Why is Judy rated PG-13? Judy is rated PG-13 by the MPAA for substance abuse, thematic content, some strong language, and smoking
Sexual Content: There are some uncomfortable but non-explicit references to the sexual harassment and abuse common in the studio system.
Profanity: There are nine uses of mild and moderate profanities, and two uses of extreme profanity. There is one use of a homophobic slur.
Alcohol / Drug Use: Characters are shown drinking and smoking frequently. The protagonist struggles with abusing drugs and alcohol.
Page last updated September 24, 2019
Judy Parents' Guide
Judy’s life was negatively impacted by her early fame. This seems to be a frequent pattern with celebrities, especially those who found fame as children. Daniel Radcliffe, for instance, has spoken out about his battles with alcohol during his teen years when he was playing Harry Potter. Why do you think addiction can be such a problem for famous people? Do you know anyone who is struggling with addiction? What can you do to help them?
Substance Abuse and Mental Health Services Administration: National Helpline and Resources
Betty Ford Foundation: How to Talk About Addiction
Loved this movie? Try these books…
For the story that launched Judy Garland’s career, read The Wonderful Wizard of Oz by L Frank Baum. Readers who want to lose themselves in the fantasy can get a copy of Color the Classics: The Wizard of Oz: A Coloring Book Trip Down the Yellow Brick Road.
The Wizard of Oz spawned another massive hit. For another perspective on the story’s villain, read Gregory Maguire’s Wicked: The Life and Times of the Wicked Witch of the West, the novel that led to the hit musical.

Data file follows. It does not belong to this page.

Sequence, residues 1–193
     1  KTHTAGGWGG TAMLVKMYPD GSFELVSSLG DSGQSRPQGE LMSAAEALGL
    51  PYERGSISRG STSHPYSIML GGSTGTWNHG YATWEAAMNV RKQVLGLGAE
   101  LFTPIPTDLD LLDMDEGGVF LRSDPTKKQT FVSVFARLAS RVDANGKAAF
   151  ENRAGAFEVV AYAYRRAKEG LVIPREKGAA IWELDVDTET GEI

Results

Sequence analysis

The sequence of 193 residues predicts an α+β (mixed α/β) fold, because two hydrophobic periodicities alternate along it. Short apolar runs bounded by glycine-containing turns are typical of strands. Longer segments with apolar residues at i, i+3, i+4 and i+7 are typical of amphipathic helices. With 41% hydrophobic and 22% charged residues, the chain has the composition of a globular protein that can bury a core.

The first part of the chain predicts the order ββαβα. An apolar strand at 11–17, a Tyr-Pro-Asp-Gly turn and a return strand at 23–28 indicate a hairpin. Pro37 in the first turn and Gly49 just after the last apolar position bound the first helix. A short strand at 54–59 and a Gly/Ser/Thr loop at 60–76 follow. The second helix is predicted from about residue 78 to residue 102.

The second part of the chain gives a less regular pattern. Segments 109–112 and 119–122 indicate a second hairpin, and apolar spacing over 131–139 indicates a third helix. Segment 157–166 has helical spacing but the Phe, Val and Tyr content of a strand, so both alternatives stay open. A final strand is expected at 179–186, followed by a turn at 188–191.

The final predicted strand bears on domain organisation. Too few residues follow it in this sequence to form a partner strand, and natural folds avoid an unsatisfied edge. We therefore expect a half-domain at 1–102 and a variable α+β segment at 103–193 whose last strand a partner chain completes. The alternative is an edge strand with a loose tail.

If you are a fan of the film, you’ll want to read The Essential Wizard of Oz: 11 Things You Didn’t Know About the Most-Watched Movie in Film History. Written by Horace Martin Woodhouse, this book is filled with stories and trivia about this piece of pop culture. Hardcore fans will want the more detailed The Making of the Wizard of Oz by Aljean Harmetz.
If you want to learn more about Judy Garland, you can start with Judy Garland: A Biography by Anne Edwards or Get Happy: The Life of Judy Garland by Gerald Clarke. Her ex-husband, Sid Luft, also wrote about Judy in a book he co-authored with Randy L. Schmidt, Judy and I: My Life with Judy Garland. And a heart-wrenching story of family love and loss is told by Judy’s daughter, Lorna Luft in her memoir, Me and My Shadows. Judy gets to tell her own story in Randy L Schmidt’s Judy Garland on Judy Garland: Interviews and Encounters.
Related home video titles:
If you want to watch the film that made Judy Garland a star, check out The Wizard Of Oz. This classic story has appeared in a number of other versions, including The Muppet Wizard of Oz, Oz the Great and Powerful, and the animated Legends of Oz: Dorothy’s Return.
Judy Garland is far from the only celebrity to struggle under the glare of the spotlight. Bohemian Rhapsody tells the story of Freddie Mercury and the hit band Queen. Ray is the story of Ray Charles, his musical gifts, and his battle with addiction.